• Ecology must implement a system of LCFS credits that will allow entities selling transportation fuels that have a carbon intensity below the requirements set forth in the legislation to obtain credits that can be sold to entities that do not meet the carbon intensity requirements.

  • While Governor Jay Inslee signed the provisions described above, he vetoed a provision specifying that the CFP program may not go into effect until the Legislature has enacted a transportation bill that includes an increase of at least five cents per gallon in Washington’s gasoline tax.

The LCFS programs in California and Oregon have created significant demand for ethanol and other biofuels that are blended with petroleum-based transportation fuels to reduce their GHG intensity. Those programs have also generated a robust market for transportation-related credits created by the use of electricity in electric vehicles. The new legislation can be expected to jump-start demand for alternative transportation fuels, including biofuels and electricity, in Washington. In addition, the new CFP legislation, in combination with new legislation extending tax credits to hydrogen-powered vehicles, will usher in new low-carbon or carbon-free transportation technologies like hydrogen fuels.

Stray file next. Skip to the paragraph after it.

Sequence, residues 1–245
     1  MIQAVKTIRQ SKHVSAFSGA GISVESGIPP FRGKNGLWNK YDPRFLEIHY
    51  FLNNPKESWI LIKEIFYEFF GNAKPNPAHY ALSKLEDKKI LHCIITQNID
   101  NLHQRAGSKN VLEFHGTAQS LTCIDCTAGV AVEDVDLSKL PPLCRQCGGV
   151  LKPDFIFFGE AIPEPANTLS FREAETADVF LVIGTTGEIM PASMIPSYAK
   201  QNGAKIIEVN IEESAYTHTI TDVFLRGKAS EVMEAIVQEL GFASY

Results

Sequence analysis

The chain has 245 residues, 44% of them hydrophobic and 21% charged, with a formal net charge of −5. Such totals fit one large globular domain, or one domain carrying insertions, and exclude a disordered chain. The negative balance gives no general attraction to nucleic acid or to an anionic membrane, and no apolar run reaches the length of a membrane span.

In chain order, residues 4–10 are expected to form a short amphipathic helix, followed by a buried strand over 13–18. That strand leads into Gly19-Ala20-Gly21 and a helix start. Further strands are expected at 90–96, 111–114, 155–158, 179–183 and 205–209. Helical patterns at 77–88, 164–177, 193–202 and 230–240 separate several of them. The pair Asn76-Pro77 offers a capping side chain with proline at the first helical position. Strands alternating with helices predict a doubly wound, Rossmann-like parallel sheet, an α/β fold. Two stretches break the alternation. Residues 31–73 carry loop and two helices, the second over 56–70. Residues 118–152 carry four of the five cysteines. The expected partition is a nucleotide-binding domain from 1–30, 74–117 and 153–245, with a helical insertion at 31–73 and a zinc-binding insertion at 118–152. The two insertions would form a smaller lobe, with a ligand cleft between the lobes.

The Legislation in Detail

HB 1091 contains a number of provisions that could both expand and limit its reach as it is rolled out in future years. These include: